While Mr. Gates, a former director of central intelligence, had long been considered for a variety of roles, over the past two months Secretary of State Condoleezza Rice and the national security adviser, Stephen J. Hadley, quietly steered the White House toward replacing Donald H. Rumsfeld with Mr. Gates, who had worked closely with Ms. Rice under the first President Bush. One senior participant in those discussions, who declined to be identified by name while talking about internal deliberations, said, “everyone realizes that we don’t have much time to get this right” and the first step is to get “everyone driving on the same track.”

And if anyone thought the Times couldn't bring up another mistake, think again, and pray this isn't the option chosen:

But Mr. Hussein’s outbursts served to remind many Iraqis, even those who hated him most, of something they crave in the rudderless nightmare Iraq has become under his successors: a strong leader, able to forge a nation from the country’s fractious ethnic and religious groups, and to end the current wave of sectarian bloodletting that, left to build on itself, could ultimately match the mass killing that characterized Mr. Hussein’s psychopathic years in power.

It is something ordinary Iraqis say with growing intensity, even as they agree on little else. Let there be a strongman, they say, not a relentless killer like Saddam Hussein but somebody who will take the hammer to the insurgents and the death squads and the kidnappers and the criminal gangs who have banished all pretense of civility from their lives.

Let him ride roughshod, if he must, they say, over the niceties of due process and human rights, indeed over the panoply of democratic institutions America has tried to implant here, if only he can bring peace.

The message appears, so far, to have found little resonance in Washington as President Bush sets out, after the shock of the midterm elections, to review American policy on Iraq. The closest anyone with the White House’s ear has come to suggesting anything short of democratic rule, let alone an authoritarian model typical of other countries in the Middle East, are leaks from the bipartisan commission headed by James A. Baker III and Lee H. Hamilton, which is charged with suggesting a new American approach to Iraq; some of its members have said that the group has considered recommending that stability, rather than democracy, should become the principal objective there.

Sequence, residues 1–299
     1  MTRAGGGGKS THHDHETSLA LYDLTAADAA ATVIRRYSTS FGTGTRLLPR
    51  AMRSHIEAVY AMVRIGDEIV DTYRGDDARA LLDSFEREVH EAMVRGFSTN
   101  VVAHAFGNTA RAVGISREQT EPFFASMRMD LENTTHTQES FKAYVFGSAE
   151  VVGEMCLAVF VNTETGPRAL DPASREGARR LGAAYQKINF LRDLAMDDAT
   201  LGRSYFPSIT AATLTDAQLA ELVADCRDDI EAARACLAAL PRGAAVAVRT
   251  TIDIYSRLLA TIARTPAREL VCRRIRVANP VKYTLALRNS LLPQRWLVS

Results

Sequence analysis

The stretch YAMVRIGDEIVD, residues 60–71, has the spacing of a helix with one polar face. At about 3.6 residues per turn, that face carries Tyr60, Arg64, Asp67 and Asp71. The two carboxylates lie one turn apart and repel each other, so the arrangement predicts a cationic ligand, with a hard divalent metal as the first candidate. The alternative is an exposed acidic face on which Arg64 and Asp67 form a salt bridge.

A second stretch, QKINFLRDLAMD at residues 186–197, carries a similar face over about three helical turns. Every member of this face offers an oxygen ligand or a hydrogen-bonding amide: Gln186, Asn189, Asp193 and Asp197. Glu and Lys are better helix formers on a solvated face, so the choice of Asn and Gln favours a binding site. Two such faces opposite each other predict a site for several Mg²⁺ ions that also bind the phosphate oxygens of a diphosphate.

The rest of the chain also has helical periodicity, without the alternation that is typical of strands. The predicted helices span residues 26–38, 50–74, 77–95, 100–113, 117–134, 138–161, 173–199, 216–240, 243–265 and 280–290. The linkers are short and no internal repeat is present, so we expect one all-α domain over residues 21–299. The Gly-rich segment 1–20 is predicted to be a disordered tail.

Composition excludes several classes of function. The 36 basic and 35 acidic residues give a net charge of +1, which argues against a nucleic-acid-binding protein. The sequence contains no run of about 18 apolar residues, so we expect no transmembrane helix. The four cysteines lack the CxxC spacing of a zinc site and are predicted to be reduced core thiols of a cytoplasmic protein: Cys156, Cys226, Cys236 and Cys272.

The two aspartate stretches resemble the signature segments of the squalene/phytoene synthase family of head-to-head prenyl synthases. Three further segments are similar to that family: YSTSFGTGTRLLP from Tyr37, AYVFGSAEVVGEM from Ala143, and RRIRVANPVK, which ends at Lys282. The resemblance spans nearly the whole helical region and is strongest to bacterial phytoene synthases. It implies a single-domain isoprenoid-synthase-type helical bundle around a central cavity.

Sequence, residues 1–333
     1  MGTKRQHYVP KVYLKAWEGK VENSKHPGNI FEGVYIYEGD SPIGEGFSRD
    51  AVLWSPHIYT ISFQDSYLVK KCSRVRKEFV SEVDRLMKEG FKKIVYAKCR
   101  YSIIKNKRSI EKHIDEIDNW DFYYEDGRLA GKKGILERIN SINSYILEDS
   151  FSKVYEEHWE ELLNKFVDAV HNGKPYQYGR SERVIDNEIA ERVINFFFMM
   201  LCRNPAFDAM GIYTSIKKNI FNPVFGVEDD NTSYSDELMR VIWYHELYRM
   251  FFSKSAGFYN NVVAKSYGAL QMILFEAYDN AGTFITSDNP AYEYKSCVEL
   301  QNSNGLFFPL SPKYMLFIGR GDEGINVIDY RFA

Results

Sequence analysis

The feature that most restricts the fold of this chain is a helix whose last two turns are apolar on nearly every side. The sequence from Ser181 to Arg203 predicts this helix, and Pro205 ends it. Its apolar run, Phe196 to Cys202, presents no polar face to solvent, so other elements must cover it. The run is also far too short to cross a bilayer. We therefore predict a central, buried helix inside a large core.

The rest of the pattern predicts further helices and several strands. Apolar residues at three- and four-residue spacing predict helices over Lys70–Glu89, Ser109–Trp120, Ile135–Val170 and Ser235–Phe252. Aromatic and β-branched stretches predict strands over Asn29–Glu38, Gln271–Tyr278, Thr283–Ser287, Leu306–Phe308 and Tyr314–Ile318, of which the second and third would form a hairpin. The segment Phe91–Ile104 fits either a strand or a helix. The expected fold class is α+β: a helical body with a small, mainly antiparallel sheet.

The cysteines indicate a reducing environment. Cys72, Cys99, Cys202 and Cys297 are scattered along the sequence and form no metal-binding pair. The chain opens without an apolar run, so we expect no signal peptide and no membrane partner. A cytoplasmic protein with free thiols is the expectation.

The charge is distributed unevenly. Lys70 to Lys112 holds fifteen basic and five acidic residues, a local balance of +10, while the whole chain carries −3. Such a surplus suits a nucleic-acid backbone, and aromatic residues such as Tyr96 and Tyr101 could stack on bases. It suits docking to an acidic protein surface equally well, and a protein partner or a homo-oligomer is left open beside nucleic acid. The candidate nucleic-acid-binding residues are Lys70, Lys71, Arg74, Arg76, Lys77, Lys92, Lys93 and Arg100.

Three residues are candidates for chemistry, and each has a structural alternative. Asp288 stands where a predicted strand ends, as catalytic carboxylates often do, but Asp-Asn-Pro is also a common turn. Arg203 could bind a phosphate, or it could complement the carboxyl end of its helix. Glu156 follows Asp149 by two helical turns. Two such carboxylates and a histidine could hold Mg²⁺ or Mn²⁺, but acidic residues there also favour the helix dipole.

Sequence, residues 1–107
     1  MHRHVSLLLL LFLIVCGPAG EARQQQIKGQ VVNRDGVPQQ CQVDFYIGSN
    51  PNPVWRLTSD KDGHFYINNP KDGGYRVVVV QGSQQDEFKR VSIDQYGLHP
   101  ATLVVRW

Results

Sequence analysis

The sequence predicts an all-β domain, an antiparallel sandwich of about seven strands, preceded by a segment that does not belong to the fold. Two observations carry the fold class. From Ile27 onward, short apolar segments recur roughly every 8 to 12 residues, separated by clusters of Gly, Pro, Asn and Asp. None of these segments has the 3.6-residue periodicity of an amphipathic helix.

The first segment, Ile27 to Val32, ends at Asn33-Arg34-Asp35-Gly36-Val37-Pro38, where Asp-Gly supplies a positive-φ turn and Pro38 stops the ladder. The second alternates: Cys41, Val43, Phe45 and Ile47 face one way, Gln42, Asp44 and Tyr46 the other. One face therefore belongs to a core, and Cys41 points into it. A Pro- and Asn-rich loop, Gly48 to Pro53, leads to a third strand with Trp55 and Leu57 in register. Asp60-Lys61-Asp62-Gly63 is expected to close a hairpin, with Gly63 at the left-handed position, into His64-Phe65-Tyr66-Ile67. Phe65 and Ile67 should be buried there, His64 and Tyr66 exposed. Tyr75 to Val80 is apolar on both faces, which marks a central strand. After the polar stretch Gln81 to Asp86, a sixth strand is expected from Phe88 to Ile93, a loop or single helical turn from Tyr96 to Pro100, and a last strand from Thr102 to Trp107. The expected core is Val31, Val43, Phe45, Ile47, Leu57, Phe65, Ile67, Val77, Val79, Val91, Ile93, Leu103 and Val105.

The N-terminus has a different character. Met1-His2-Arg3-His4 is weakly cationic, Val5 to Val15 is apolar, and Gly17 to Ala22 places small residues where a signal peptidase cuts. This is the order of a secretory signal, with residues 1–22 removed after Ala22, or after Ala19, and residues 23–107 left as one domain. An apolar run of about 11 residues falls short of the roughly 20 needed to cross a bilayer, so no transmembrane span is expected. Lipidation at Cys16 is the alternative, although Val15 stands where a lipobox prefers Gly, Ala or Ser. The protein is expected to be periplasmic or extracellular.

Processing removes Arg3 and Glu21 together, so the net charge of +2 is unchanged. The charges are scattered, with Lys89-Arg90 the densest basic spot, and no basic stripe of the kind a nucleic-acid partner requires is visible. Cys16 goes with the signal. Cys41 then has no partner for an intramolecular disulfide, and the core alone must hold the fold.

If this is the Baker Team's reccomendation, then it's time we hand Mr. Baker his hat, and wish him a fond farewell. The title of the piece is "Could A New Strongman Be Needed," and I have to question such a mentality. In essence, Baker's group is offering an idea that we should put another guy in charge--blowing off the work that the Iraqis have done thus far in establishing a new, democratic government. Another dictator is what they offer the administration. Gee, I wonder if Baker has someone in mind, like say Moqtada al-Sadr? Gates is so hot-to-trot over talking with Iran, and al-Sadr is a Shi-ite cleric from Iran. These "old guard" dogs can't seem to get past the past; they're content with making similar mistakes that led us to this path to begin with.

Gates is a bad choice, and his ideas are going to hurt the war effort more than help it. The idea that we could negotiate with Iran and Syria is simply insane. I don't know who's running the show in DC, but someone had better come to grips with reality and soon.

Sabrina McKinney